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Palladio v. Diamond
decided: March 26, 1971.
PALLADIO INC., PLAINTIFF-APPELLANT,
HENRY A. DIAMOND, AS COMMISSIONER OF THE DEPARTMENT OF ENVIRONMENTAL CONSERVATION OF THE STATE OF NEW YORK, DON J. WICKHAM, AS COMMISSIONER OF AGRICULTURE AND MARKETS OF THE STATE OF NEW YORK, JOHN P. LOMENZO, AS SECRETARY OF STATE OF THE STATE OF NEW YORK, FRANK S. HOGAN, AS DISTRICT ATTORNEY OF NEW YORK COUNTY, AND HOWARD R. LEARY, AS POLICE COMMISSIONER OF THE CITY OF NEW YORK, DEFENDANTS-APPELLEES
Lumbard, Chief Judge, and Kaufman and Hays, Circuit Judges.
We affirmed in open court the order of the district court declining to issue a preliminary injunction or to convene a three-judge court to consider the constitutionality of New York State's recently enacted Mason Act, codified as § 358-a of the Agriculture and Markets Law, McKinney's Consol.Laws, c. 69. A companion measure to the somewhat milder (from plaintiff's viewpoint) Harris Act, codified as § 187 of the New York Conservation Law, McKinney's Consol.Laws, c. 65, the Mason Act is designed to discourage the killing for profit of several named species of animals which the legislature apparently concluded were in danger of becoming extinct or might become so unless remedial measures were taken. To the end that "the potential for their continued existence will be strengthened" (Harris Act, Section 1), the Mason Act prohibits the sale or offer for sale within the State of products made from the skins of those animals, including leopards, tigers, cheetahs, red wolves, polar bears, and "alligators, caiman or crocodile of the order crocodylia." Plaintiff is a Massachusetts corporation which designs and sells men's shoes, most fashioned from the skins of African crocodiles. As approximately 40% of plaintiff's business was with New York retailers in the most recent fiscal year, it stands to suffer considerable economic injury as a result of the Mason Law.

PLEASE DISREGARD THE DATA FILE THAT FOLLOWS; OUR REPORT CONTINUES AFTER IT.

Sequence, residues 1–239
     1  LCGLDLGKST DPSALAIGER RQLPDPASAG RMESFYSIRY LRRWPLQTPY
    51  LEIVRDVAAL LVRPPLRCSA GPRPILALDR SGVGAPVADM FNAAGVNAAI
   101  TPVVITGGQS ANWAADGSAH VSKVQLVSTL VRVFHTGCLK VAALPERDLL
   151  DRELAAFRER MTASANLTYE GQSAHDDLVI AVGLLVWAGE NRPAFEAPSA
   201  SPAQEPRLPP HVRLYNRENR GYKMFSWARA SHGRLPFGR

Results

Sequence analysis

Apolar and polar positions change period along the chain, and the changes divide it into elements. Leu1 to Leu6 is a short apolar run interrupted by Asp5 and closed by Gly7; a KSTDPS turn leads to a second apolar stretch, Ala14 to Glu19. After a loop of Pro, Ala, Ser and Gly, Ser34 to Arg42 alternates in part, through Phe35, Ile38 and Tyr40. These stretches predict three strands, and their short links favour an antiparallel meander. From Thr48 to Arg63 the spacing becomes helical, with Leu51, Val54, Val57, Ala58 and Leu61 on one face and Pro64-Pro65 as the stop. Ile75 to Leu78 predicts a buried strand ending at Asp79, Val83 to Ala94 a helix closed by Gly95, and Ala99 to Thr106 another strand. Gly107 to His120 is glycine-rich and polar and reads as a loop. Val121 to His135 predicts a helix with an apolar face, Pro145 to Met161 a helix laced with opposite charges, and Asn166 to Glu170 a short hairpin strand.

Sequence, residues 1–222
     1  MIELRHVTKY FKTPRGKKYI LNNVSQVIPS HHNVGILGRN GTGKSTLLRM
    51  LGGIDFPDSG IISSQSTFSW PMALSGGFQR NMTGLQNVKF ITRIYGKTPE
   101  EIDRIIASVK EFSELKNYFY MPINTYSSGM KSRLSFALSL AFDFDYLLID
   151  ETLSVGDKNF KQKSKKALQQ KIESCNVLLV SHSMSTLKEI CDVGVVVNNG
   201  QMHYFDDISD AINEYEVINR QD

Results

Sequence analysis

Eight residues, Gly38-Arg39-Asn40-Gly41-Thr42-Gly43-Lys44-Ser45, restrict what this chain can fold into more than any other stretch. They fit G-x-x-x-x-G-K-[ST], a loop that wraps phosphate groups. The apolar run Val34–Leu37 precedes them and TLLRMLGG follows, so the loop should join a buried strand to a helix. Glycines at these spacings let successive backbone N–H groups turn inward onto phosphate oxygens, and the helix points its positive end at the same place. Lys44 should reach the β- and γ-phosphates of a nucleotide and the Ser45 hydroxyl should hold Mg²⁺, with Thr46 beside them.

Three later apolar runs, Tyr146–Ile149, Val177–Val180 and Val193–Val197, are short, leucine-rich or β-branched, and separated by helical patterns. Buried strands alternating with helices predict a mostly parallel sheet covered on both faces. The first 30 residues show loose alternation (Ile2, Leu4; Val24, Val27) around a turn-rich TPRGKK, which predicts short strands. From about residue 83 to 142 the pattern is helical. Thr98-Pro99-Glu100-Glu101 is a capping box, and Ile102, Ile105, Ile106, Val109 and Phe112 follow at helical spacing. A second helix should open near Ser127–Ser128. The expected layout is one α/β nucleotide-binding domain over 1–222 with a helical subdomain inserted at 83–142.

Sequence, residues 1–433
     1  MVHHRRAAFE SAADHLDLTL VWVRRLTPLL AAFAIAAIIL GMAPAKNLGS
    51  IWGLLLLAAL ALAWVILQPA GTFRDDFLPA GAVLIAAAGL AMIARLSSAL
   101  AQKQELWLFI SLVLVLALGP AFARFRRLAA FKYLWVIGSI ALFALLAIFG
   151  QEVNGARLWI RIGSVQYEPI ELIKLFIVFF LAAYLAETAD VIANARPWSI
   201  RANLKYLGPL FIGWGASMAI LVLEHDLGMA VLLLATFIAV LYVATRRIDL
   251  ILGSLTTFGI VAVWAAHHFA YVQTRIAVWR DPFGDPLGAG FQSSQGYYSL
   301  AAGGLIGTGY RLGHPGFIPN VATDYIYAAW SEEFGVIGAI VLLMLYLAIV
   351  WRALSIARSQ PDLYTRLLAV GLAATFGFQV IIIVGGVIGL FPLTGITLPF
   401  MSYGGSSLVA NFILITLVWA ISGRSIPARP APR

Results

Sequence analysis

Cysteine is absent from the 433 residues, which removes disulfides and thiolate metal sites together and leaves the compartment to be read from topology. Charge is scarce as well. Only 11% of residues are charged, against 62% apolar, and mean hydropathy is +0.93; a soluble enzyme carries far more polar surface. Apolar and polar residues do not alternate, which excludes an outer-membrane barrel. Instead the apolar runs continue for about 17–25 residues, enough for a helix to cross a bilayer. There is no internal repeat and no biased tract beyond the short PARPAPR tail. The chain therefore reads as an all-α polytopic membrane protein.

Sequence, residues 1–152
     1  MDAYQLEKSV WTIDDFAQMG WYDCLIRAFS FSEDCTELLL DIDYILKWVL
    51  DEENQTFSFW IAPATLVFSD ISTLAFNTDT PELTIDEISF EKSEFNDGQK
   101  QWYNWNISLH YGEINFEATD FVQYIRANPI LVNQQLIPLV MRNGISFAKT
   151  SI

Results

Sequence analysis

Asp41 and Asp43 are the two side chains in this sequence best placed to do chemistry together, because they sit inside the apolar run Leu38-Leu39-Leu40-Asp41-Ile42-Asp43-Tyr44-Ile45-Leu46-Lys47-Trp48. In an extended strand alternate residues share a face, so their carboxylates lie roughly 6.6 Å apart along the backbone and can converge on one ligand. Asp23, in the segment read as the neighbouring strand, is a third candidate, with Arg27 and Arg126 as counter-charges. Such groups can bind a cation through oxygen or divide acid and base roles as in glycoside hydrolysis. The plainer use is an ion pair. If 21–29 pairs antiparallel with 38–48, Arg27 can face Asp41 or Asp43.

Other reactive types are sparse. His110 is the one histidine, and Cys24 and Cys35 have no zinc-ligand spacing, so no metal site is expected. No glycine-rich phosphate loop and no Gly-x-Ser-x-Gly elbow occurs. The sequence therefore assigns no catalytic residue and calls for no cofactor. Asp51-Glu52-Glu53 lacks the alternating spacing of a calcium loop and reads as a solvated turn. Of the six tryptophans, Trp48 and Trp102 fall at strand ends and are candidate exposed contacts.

Palladio has raised a variety of constitutional objections to the Mason Act, but among these the most prominent is the assertion that most of the species of crocodiles -- and all of those in which Palladio deals -- are in plentiful supply and in no danger of extinction, at least not today. Palladio argues that the New York legislature's decision to outlaw the sale of all kinds of crocodiles was irrational and that consequently the Mason Act deprives it of property without due process of law. Palladio also attacks the law under the Commerce and Supremacy Clauses of the Constitution, and as inconsistent with recent federal legislation in this area. The reasons that each of these attacks falls short of raising a Constitutional question sufficient to warrant the convening of a three-judge court are well stated in Judge Mansfield's opinion below, reported at 321 F. Supp. 630, and we have nothing to add to his discussion. Moreover, in Reptile Products Assn., Inc. v. Diamond, 401 U.S. 969, 91 S. Ct. 1201, 28 L. Ed. 2d 319, 39 U.S.L.W. 3409 (1971), the Supreme Court dismissed an appeal from a ruling of the New York Court of Appeals, A. E. Nettleton Co. v. Diamond, 27 N.Y.2d 182, 315 N.Y.S.2d 625, 264 N.E.2d 118 (1970), which had found the Mason Act invulnerable to virtually the same attacks as plaintiff presses here.
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